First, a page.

Eventually Charmaine emerged through the plastic curtain and helped Vanessa off the floor. “Lean too far back did we Miss. Happens all the time. There you go. Alright?” She picked up the chair and dusted off the back of Vanessa’s smock. Vanessa glared at Sally, gathered up her book and school bag and stalked out of the café.
“My goodness,” Milo said, “that was the major’s daughter. What a coincidence. Do you know her Sally?”

Wednesday, October 24, 2012

Children get it....

I visited New Windsor School on Tuesday for my author-in-residence programme there and had such a lovely visit. I talked to two groups about ideas and plotting and I participated in one of the school's book clubs. We'd been reading Red Rocks by Rachael King which we'd all enjoyed. We discussed our favourite bits and our favourite characters. We liked how exciting and adventurous the story was. Many of the children had enjoyed the vivid description of the windswept Wellington coastline. Everyone agreed we'd like more children's books from Ms King please (I hear she is working on another one - yay!). And then as the discussion continued someone mentioned how they had connected with the main character in our previous book club read, my book Jack the Viking. Several members of the group said the words every author wants to hear - it was like what happened to me...that's just how I felt...- I loved that the fact Jack is able to overcome his problems was empowering for them, that I had written a character that was true to their experience. I'm glad I didn't cry but I sure felt like it. For those children my book made a difference and I was overjoyed.

We do have to be careful in our roles as adult writers and adult readers of children's material though. I agree with celebrated Australian children's writer Mem Fox who said "Do not write down to children. if the story makes adults wince, it will make children wince too. Write always for extremely clever, well-adjusted, lively children. Young readers will appreciate the compliment" ( from Mem Fox's Do's and Don'ts for Picture Books here - thanks to Sher Foley for the link). I think I would add that children are way smarter than us adults sometimes. They may be children with less experience but that doesn't make them less intelligent. Sometimes our maturity and experience and cynicism etc... is a burden that jaundices our view. I think this is well illustrated by this lovely piece found here at Beattie's Blog. Just cos we can't sort ourselves out as adults doesn't mean children don't know what's what. We should stop telling them what to read and how to live their lives and just be a better example ourselves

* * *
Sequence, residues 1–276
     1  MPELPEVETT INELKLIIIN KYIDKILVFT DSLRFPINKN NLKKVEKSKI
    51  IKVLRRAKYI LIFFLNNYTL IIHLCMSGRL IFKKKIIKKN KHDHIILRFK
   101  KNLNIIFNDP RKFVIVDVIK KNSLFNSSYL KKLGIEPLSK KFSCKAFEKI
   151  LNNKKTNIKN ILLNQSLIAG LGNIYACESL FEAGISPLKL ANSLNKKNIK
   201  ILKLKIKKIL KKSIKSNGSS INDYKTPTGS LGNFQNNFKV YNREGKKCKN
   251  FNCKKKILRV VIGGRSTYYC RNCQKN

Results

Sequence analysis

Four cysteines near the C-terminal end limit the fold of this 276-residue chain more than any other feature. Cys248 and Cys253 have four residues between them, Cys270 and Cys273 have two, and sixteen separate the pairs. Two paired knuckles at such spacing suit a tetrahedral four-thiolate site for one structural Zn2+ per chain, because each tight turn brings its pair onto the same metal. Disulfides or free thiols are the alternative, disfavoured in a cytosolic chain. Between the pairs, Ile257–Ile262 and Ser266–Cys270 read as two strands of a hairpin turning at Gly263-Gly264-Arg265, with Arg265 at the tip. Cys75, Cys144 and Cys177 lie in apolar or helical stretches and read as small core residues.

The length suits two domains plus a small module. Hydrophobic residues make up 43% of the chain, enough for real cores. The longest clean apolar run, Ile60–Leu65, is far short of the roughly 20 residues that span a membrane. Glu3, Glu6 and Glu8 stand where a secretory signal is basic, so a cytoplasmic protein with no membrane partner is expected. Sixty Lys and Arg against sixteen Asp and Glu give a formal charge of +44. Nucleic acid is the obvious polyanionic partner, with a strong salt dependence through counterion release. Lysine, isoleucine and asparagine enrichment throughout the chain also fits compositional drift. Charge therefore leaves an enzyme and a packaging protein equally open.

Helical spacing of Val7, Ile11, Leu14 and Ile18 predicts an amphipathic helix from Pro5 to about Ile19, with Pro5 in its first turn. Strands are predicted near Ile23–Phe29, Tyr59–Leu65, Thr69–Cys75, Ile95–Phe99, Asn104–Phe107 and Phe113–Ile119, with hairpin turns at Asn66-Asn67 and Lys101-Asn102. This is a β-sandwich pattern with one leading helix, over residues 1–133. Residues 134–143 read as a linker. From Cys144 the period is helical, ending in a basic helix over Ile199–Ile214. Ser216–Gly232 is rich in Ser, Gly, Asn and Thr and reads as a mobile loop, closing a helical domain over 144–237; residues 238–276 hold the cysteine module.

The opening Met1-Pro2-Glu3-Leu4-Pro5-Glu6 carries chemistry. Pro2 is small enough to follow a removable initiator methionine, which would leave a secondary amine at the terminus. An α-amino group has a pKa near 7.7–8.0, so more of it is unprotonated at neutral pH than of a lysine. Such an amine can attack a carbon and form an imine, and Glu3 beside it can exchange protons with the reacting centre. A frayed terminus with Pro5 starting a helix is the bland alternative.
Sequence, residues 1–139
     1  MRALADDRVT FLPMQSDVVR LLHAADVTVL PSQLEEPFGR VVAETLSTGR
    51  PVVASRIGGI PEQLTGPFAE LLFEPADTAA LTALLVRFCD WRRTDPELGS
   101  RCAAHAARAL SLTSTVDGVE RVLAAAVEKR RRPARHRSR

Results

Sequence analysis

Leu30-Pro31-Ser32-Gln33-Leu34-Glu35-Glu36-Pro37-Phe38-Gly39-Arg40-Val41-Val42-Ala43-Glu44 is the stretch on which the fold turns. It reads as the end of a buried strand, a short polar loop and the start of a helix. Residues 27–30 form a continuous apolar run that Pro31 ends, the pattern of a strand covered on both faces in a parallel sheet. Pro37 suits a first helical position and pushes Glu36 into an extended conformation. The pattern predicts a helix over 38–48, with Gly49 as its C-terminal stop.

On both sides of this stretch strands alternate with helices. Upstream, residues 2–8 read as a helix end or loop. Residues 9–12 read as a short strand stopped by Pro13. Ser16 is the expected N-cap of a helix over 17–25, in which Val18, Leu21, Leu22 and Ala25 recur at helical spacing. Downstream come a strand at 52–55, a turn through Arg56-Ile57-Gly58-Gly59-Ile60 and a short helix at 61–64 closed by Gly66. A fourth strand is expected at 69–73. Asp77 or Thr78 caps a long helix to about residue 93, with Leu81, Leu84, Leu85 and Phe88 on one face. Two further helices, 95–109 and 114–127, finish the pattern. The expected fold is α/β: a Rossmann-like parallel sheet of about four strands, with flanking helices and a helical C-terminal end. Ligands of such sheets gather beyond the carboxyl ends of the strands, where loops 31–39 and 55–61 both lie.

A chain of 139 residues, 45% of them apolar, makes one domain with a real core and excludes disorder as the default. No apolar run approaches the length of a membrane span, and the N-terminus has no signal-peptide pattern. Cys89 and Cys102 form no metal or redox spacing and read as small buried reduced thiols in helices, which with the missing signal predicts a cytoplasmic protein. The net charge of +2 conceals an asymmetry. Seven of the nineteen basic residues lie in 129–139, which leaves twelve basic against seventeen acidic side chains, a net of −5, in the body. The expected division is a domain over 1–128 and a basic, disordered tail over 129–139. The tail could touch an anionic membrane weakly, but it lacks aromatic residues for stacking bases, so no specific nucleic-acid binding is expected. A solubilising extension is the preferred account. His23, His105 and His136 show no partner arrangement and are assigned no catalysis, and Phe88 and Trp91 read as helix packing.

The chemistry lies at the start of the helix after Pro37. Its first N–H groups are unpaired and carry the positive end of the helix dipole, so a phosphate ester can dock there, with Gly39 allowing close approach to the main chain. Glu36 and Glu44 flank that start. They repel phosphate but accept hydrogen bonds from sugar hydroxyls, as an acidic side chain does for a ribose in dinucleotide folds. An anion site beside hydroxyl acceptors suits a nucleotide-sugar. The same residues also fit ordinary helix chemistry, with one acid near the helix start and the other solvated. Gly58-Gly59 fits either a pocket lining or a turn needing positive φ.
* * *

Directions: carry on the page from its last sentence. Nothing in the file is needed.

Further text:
Saturday, October 20, 2012

Playing tag...

I was tagged here by fab fellow NZ author Phillip W. Simpson and I'm playing

What's the working Title of your WIP?
Barquing Mad: A Mystery
I really like this title but worry that people will think its about a dog and its not. I probably will have to change it but I think the words 'A Mystery' imply you can't take the first few words at face value

Where did your idea come from for your book?
I started this book so long ago I don't remember. I do remember submitting the first few thousand words to the NZSA for this brilliant open critique session they held at Old Government House in Auckland in 2004 and Graeme Lay and Tania Roxborogh critiqued it and were very positive and encouraging and said nice things to me. I think the biggest criticism was the stupid character names I had (they didn't use the word stupid - they were really very nice) and the names are now all different. The bully was called Mimsy Squat-Cottles (I blame famous NZ actor Michael Hurst who once said this name and got it stuck in my brain) and Prunella. I still like Mimsy Squat-Cottles but she is now Vanessa Blunt which is a little easier to read and a tad more modern and Prunella became Sally.

And this is what I ended up with:

What really happened to Sally's Dad lost at sea 7 years before? What were they really up to on that mysterious polar expedition? And why has her Mum suddenly chucked in her job? Why won't her teacher and the school principal and the school bully leave her alone? Sally needs her wits, her courage, her best friend, her best friends chauffer and even her brother's help to overcome the dangers and discover the truth.

What genre does your book fall under?
Children's mystery

What actors would you pick to play your characters in a movie rendition?
They probably haven't been born yet :) although Dakota Fanning would have been perfect for the 12 year old heroine Sally Barque when she was younger. I'd be played by Martin Freeman.

What is a one sentence synopsis of your book?
Sometimes parents get lost and it's up to their children to find them.

How long did it take you to write a first draft of your manuscript?
I think this one has been on the slow burner for about ten years. I finished it early last year but it wasn't quite right. Nearly done with the final draft and believe it actually makes sense now.

What other books would you compare this story to within the genre?
It's a cross between Famous Five and Stormbreaker

Who or what inspired you to write this book?